In January, 10 armed Myanmese dissidents - linked to the takeover in 1999 of the Myanmese Embassy in Bangkok - took over the Ratchaburi provincial hospital in Thailand. Thai security forces stormed the hospital and freed the victims. All the hostage takers were killed, and no hostages were injured during the assault. Separately, Myanmar sentenced to death one terrorist involved in the 1999 Embassy seizure.


Indonesia experienced a sharp rise in international and domestic terrorism during the year, as weakening central government control and a difficult transition to democracy provided fertile ground for terrorist activities. Several bombings occurred in 2000, two of which targeted official foreign interests. Unidentified assailants detonated a car bomb in front of the Philippine ambassador's residence in central Jakarta as the ambassador was entering the compound on 1 August. The explosion killed two Indonesians, seriously injured three other persons - including the ambassador - and slightly injured 18 bystanders, including one Filipino and two Bulgarians. Unidentified perpetrators also conducted a grenade attack against the Malaysian Embassy on 27 August, but no injuries resulted.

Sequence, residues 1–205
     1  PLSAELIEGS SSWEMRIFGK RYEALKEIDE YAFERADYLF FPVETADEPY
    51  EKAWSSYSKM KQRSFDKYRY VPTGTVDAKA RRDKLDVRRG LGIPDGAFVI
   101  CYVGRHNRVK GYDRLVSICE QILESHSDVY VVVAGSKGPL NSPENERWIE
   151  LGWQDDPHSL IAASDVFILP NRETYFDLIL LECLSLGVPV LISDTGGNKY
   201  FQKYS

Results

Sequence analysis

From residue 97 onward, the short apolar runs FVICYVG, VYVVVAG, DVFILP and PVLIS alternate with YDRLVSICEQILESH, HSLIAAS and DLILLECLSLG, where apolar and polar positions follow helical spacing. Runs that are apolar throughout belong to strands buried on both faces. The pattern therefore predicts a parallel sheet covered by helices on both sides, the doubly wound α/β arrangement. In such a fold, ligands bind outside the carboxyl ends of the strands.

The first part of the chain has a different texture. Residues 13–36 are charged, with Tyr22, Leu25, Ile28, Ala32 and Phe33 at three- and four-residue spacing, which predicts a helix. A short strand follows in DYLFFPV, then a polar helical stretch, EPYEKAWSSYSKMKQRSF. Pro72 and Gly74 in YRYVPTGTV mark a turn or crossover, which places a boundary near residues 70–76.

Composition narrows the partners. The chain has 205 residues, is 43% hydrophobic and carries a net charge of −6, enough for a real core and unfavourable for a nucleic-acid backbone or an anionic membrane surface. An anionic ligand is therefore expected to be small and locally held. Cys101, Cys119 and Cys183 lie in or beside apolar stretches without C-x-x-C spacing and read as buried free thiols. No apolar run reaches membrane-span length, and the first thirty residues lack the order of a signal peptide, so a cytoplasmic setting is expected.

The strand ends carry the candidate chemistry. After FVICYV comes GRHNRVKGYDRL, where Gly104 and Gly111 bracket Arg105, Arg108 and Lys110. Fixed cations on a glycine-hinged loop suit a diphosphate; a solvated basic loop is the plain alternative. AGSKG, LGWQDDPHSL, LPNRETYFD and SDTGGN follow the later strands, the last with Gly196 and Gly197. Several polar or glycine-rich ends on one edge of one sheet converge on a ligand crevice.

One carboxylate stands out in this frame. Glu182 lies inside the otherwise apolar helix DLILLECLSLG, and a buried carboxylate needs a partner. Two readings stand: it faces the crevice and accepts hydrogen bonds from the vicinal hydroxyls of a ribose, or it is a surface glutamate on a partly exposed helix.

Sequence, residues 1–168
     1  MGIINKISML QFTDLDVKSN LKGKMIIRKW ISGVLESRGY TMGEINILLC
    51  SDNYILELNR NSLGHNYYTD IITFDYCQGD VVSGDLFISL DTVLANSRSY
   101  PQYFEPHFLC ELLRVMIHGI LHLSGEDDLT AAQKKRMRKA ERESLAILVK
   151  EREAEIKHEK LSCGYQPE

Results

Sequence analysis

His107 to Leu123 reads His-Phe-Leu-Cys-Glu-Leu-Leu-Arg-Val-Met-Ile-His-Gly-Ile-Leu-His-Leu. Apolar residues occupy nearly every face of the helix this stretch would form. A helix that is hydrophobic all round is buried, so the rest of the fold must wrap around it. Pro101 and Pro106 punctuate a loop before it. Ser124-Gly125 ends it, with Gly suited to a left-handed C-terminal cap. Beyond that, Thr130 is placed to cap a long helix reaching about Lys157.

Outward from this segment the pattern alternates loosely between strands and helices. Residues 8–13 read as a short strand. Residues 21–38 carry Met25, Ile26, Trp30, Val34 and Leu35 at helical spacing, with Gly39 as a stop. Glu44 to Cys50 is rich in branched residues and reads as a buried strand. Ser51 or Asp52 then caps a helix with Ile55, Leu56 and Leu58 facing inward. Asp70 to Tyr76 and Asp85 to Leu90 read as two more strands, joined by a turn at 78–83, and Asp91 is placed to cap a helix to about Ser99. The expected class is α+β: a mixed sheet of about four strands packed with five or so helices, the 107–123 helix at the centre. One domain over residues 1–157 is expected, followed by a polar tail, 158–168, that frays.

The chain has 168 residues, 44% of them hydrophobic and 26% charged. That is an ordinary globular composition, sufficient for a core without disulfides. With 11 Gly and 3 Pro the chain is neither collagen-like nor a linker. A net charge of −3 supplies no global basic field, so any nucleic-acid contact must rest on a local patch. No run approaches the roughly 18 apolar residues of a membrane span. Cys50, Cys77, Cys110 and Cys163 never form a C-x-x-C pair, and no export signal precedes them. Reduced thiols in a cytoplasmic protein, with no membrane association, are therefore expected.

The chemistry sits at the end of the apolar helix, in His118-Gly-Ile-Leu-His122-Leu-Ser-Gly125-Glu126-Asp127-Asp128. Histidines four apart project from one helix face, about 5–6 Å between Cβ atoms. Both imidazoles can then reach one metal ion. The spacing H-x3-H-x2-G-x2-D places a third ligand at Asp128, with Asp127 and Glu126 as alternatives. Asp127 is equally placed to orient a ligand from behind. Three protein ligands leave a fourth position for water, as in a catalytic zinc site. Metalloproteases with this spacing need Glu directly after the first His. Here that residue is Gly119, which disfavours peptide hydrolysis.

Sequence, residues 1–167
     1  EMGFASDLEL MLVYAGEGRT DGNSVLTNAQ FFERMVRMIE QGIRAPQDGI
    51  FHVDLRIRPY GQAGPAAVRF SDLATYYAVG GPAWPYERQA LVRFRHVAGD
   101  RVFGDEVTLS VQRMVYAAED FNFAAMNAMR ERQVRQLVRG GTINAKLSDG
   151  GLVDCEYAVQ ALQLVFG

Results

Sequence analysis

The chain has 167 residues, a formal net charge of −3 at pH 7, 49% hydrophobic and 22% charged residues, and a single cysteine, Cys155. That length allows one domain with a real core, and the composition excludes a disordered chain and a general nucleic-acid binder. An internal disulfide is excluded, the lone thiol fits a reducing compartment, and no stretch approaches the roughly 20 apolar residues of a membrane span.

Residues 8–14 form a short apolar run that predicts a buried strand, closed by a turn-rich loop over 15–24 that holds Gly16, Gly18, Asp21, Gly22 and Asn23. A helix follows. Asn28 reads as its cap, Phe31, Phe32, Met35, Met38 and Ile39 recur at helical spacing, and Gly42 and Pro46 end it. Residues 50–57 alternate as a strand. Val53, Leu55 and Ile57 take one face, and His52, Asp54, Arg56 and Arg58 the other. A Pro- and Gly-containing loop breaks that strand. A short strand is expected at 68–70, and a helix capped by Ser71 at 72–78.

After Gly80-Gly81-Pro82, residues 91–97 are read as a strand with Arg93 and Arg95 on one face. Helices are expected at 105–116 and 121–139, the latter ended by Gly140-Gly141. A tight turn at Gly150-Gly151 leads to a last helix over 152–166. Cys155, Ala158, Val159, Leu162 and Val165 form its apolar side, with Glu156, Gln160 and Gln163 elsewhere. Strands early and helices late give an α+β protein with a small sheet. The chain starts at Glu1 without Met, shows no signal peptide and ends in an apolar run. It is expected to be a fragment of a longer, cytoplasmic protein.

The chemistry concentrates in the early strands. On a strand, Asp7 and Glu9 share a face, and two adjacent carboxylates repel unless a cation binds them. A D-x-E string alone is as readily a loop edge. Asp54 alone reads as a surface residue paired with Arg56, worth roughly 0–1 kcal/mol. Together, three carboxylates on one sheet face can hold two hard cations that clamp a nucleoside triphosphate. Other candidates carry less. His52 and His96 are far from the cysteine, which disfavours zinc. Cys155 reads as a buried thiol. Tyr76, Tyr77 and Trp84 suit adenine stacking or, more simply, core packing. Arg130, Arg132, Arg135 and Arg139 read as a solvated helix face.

Six other bombings from July to November targeted domestic interests in the capital. The most destructive occurred on September 13 when a car bomb in the Jakarta stock exchange's underground parking garage killed 10 Indonesians. Other targets included the Attorney- General's office, the Jakarta governor's residence, a Jakarta hotel, a local nongovernmental organization, as well as the Ministry of Agriculture, which was used as the courtroom venue for former president Suharto's corruption trial. Multiple bombings also occurred in major cities in North Sumatra, Riau, and East Java.